January 17, 2013
VIENNA, Va., Jan. 17 — NJVC, an information technology (IT) solutions provider headquartered in Northern Virginia, is pleased to announce that its Cloudcuity suite of offerings meets or exceeds the requirements as outlined in the National Institute of Standards and Technology Cloud Computing Standards Acceleration to Jumpstart Adoption of Cloud Computing Working Group draft report released earlier this week at the NIST Joint Cloud Computing and Big Data Workshop and Forum in Gaithersburg, MD.
“NJVC applauds the NIST Cloud Computing Working Group for providing an excellent baseline for cloud computing standards for the federal government in support of the White House’s ‘Cloud First’ IT strategy,” said Kevin L. Jackson, vice president and general manager, NJVC cloud services. “After performing a comprehensive analysis, NJVC is confident that its Cloudcuity offerings meet or surpass the six NIST use cases and validation measures and is aligned with the Federal Risk and Authorization Management Program security standards.”
“It is important to note that the new NIST cloud computing standards are relevant and of value to commercial industries, such as finance and healthcare,” said Dave Lavanty, senior vice president, NJVC solutions division. “Commercial enterprises can leverage the highly secure practices of the federal government as they deploy hybrid cloud computing business model strategies and technologies. NJVC looks forward to delivering its solutions and to both public- and private-sector customers.”
With a focus on information technology automation, NJVC specializes in supporting highly secure, complex IT enterprises in business- and mission-critical environments, particularly for the intelligence and defense communities. We offer a wide breadth of IT and strategic solutions to our customers, ranging from strategic consulting to managed flexible services in five business areas: Cloud Services, Cyber Security, Data Center Services, IT Services and Print Solutions. We partner with our customers to support their missions with security-cleared, dedicated and talented employees ready to deploy globally.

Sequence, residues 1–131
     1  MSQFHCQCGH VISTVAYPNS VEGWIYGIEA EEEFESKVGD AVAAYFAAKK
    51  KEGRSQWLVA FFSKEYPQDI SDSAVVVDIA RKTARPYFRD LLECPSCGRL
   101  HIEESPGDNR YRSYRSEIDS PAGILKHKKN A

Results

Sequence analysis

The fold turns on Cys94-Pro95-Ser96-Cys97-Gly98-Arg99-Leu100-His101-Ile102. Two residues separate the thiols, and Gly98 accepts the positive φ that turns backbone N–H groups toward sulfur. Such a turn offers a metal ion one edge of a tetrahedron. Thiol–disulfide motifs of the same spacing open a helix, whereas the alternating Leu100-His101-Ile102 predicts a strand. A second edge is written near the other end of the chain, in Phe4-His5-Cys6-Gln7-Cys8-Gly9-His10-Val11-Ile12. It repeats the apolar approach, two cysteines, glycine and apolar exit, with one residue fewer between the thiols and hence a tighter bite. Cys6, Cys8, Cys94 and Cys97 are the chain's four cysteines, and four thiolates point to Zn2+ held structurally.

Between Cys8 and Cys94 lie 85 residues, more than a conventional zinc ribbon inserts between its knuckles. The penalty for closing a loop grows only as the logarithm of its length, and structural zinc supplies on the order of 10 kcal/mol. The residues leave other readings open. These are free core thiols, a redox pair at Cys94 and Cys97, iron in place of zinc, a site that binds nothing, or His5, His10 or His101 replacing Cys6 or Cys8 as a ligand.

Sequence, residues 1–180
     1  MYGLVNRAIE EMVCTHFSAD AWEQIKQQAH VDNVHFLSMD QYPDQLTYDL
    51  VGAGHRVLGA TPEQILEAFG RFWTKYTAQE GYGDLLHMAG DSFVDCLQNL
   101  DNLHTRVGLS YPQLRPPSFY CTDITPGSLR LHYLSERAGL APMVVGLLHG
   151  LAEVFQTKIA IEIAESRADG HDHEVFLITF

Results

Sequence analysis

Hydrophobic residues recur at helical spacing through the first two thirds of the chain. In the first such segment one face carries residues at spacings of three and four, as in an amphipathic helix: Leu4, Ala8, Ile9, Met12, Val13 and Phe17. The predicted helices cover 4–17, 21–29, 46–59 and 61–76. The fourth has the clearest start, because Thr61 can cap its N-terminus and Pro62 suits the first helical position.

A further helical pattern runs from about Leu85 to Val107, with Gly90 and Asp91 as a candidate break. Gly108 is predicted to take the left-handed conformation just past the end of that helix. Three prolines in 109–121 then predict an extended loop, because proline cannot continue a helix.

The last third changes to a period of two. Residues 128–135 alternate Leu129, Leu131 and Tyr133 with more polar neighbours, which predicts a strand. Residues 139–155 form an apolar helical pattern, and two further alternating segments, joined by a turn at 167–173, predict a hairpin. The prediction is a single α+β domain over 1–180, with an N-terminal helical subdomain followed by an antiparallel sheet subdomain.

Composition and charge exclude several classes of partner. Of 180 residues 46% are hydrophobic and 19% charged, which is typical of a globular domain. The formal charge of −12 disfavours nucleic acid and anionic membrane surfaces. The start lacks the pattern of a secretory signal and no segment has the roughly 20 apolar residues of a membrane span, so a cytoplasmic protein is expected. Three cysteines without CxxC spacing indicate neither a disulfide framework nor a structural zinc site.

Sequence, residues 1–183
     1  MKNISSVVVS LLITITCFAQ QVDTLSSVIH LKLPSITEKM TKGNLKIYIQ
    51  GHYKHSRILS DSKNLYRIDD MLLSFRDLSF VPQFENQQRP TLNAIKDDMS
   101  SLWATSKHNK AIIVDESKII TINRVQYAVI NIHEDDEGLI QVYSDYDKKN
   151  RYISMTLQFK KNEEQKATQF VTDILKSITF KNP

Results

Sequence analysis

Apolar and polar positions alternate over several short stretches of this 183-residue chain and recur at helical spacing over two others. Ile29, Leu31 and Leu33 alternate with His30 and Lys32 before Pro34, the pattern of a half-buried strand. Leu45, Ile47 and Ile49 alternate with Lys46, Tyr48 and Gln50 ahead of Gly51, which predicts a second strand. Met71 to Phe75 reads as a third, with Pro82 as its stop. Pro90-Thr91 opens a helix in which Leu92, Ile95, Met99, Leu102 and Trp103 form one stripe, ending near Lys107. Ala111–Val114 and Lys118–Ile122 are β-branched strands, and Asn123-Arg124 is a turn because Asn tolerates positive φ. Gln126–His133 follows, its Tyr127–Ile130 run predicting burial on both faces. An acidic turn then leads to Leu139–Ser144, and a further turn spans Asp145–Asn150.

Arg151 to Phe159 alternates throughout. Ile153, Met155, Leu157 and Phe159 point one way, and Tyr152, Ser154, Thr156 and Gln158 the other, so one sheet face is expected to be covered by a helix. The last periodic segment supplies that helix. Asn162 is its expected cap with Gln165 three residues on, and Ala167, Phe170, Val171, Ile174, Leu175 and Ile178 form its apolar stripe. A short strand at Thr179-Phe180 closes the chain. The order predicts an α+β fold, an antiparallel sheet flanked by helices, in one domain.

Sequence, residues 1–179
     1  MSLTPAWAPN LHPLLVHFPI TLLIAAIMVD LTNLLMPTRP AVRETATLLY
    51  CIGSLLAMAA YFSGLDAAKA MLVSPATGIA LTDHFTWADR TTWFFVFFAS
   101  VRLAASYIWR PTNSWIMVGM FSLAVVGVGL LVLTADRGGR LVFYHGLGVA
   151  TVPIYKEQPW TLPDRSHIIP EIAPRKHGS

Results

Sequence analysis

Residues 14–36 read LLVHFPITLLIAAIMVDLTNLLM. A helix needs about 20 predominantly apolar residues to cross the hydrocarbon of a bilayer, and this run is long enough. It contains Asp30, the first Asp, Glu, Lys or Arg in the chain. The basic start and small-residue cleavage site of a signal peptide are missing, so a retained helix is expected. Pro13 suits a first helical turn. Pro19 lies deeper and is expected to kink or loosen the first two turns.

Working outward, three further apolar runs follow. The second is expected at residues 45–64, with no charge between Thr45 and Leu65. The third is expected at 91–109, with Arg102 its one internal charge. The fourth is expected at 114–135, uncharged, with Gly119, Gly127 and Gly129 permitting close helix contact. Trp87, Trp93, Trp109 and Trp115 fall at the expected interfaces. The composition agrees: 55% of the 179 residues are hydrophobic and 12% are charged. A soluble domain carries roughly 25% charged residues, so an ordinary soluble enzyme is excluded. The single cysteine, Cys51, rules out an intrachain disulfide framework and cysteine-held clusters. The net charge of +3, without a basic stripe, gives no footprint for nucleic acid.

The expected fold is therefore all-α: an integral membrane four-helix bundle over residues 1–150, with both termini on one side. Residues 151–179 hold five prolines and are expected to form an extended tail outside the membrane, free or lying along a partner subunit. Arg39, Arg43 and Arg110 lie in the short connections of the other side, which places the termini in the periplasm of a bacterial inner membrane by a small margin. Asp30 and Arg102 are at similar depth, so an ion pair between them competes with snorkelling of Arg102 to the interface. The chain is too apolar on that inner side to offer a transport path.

The ever-growing complexity of scientific and engineering problems continues to pose new computational challenges. Thus, we present a novel federation model that enables end-users with the ability to aggregate heterogeneous resource scale problems. The feasibility of this federation model has been proven, in the context of the UberCloud HPC Experiment, by gathering the most comprehensive information to date on the effects of pillars on microfluid channel flow.
Large-scale, worldwide scientific initiatives rely on some cloud-based system to both coordinate efforts and manage computational efforts at peak times that cannot be contained within the combined in-house HPC resources. Last week at Google I/O, Brookhaven National Lab’s Sergey Panitkin discussed the role of the Google Compute Engine in providing computational support to ATLAS, a detector of high-energy particles at the Large Hadron Collider (LHC).
Frank Ding, engineering analysis & technical computing manager at Simpson Strong-Tie, discussed the advantages of utilizing the cloud for occasional scientific computing, identified the obstacles to doing so, and proposed workarounds to some of those obstacles.
May 16, 2013 |
When it comes to cloud, long distances mean unacceptably high latencies. Researchers from the University of Bonn in Germany examined those latency issues of doing CFD modeling in the cloud by utilizing a common CFD and its utilization in HPC instance types including both CPU and GPU cores of Amazon EC2.
May 10, 2013 |
Australian visual effects company, Animal Logic, is considering a move to the public cloud.
May 10, 2013 |
Program provides cash awards up to $10,000 for the best open-source end-user applications deployed on 100G network.
05/10/2013 | Cleversafe, Cray, DDN, NetApp, & Panasas | From Wall Street to Hollywood, drug discovery to homeland security, companies and organizations of all sizes and stripes are coming face to face with the challenges – and opportunities – afforded by Big Data. Before anyone can utilize these extraordinary data repositories, however, they must first harness and manage their data stores, and do so utilizing technologies that underscore affordability, security, and scalability.
04/02/2012 | AMD | Developers today are just beginning to explore the potential of heterogeneous computing, but the potential for this new paradigm is huge. This brief article reviews how the technology might impact a range of application development areas, including client experiences and cloud-based data management. As platforms like OpenCL continue to evolve, the benefits of heterogeneous computing will become even more accessible. Use this quick article to jump-start your own thinking on heterogeneous computing.